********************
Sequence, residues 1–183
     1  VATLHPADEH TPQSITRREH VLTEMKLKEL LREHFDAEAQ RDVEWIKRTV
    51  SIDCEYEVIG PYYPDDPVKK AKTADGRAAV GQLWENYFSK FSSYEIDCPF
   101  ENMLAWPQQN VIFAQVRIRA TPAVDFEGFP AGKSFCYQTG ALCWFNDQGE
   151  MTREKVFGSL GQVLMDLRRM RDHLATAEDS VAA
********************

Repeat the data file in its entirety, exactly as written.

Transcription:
Sequence, residues 1–183
     1  VATLHPADEH TPQSITRREH VLTEMKLKEL LREHFDAEAQ RDVEWIKRTV
    51  SIDCEYEVIG PYYPDDPVKK AKTADGRAAV GQLWENYFSK FSSYEIDCPF
   101  ENMLAWPQQN VIFAQVRIRA TPAVDFEGFP AGKSFCYQTG ALCWFNDQGE
   151  MTREKVFGSL GQVLMDLRRM RDHLATAEDS VAA